(NEW YORK) — A global pandemic of the novel coronavirus has now killed at least 9,648 people in the United States.
The United States is, by far, the hardest-hit country with more than 337,000 diagnosed cases of COVID-19, the disease caused by the new respiratory virus, according to data compiled by the Center for Systems Science and Engineering at Johns Hopkins University.
The first cases of COVID-19 were detected in China back in December. Now, more than 1.2 million people around the world have been diagnosed with the disease and over 264,000 of them have recovered while another 69,500 have died, according to Johns Hopkins University’s count. The actual numbers are believed to be much higher due to testing shortages, many unreported cases and suspicions that some governments are hiding the scope of their nations’ outbreaks.
Italy still has the highest death toll in the world — almost 16,000.
Here’s how the story is developing Monday. All times Eastern:
3 a.m.: US Forces Japan declares public health emergency
The commander of the United States Forces Japan on Monday announced a public health emergency for the Kanto Plain “due to the steady increase” of novel coronavirus infections in nearby Tokyo.
The declaration, which will remain in effect through May 5, gives commanders the authority to enforce compliance of health protection measures on those who live and work on all U.S. Army, Navy, Air Force and Marine installations and facilities located on the Kanto Plain, the largest lowland in Japan that covers more than half of the eastern Kanto region, including Tokyo.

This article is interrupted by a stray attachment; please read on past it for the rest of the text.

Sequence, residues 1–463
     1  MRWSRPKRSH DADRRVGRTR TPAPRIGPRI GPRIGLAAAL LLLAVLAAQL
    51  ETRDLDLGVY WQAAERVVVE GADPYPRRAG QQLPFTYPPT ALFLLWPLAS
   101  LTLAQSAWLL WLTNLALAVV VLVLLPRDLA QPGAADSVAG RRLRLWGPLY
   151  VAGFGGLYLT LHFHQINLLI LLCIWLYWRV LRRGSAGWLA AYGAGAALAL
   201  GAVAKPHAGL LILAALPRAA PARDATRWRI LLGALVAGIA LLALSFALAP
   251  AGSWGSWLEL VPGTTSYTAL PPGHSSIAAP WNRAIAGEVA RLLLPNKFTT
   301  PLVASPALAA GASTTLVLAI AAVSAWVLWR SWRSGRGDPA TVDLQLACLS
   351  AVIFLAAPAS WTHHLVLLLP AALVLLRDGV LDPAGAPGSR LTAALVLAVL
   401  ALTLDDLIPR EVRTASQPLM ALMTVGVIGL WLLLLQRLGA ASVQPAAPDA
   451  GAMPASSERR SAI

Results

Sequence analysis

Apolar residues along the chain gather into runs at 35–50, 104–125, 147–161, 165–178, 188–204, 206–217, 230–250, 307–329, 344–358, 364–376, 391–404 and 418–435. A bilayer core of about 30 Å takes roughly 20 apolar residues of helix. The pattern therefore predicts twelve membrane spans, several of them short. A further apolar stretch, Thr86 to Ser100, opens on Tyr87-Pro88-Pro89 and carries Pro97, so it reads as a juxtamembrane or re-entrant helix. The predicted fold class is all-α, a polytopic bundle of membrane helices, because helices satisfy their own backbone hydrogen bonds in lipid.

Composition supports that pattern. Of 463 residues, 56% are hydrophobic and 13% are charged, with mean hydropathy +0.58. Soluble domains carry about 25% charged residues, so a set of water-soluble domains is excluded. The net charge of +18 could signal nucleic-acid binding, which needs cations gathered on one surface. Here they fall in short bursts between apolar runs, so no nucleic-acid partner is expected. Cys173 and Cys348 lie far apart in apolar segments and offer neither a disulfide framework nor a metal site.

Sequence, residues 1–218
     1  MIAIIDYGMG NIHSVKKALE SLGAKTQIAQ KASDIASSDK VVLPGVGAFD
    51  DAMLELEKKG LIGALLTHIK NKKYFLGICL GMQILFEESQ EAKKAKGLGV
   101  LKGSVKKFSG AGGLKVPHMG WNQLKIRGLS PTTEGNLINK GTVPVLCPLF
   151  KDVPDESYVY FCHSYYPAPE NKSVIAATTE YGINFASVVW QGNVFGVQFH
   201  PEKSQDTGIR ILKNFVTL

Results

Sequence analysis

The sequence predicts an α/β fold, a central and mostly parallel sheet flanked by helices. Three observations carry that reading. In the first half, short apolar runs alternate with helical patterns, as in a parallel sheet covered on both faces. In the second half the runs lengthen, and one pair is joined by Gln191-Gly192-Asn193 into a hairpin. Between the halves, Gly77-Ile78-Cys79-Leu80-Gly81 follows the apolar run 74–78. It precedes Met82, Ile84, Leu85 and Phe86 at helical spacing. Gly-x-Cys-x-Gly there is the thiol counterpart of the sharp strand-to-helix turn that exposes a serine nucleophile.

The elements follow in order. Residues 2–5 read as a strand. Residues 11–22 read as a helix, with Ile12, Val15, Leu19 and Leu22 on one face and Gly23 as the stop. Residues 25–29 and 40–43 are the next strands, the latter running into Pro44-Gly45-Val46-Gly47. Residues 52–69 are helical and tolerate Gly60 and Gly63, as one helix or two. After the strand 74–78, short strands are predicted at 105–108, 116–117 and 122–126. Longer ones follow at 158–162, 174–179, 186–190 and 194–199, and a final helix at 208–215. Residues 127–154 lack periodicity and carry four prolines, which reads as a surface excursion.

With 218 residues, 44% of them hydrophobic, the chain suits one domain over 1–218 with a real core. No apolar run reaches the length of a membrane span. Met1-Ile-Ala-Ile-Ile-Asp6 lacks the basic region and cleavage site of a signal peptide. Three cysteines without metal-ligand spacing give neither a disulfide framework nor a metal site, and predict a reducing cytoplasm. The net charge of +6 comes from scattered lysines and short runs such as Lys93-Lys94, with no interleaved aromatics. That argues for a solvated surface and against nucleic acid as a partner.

“Protecting the health and safety of everyone associated with U.S. Forces Japan is my number one priority,” Lt. Gen. Kevin Schneider, U.S. Forces Japan commander, said in a statement Monday. “I cannot underscore enough the importance of personal responsibility at a time like this. Stopping the spread of COVID-19 requires the entire team — service members, civilians, families, and our Japanese partners.”
The announcement comes as the daily count of new COVID-19 cases in the Japanese capital have jumped in recent days, from 78 on March 31 to 143 on Sunday, according to data published on the Tokyo Metropolitan Government’s website.
Last month, an active duty member of the U.S. Forces Japan tested positive for COVID-19.
In total, 1,033 people have tested positive for the disease in Tokyo and 30 of them have died, according to the government’s website. A count kept by Johns Hopkins University show’s Japan’s nationwide tally is up to 3,654 diagnosed cases and 85 deaths.
Japanese Prime Minister Shinzo Abe apparently plans to declare a state of emergency in major cities such as Tokyo amid the recent surge in infections, according to local media reports.
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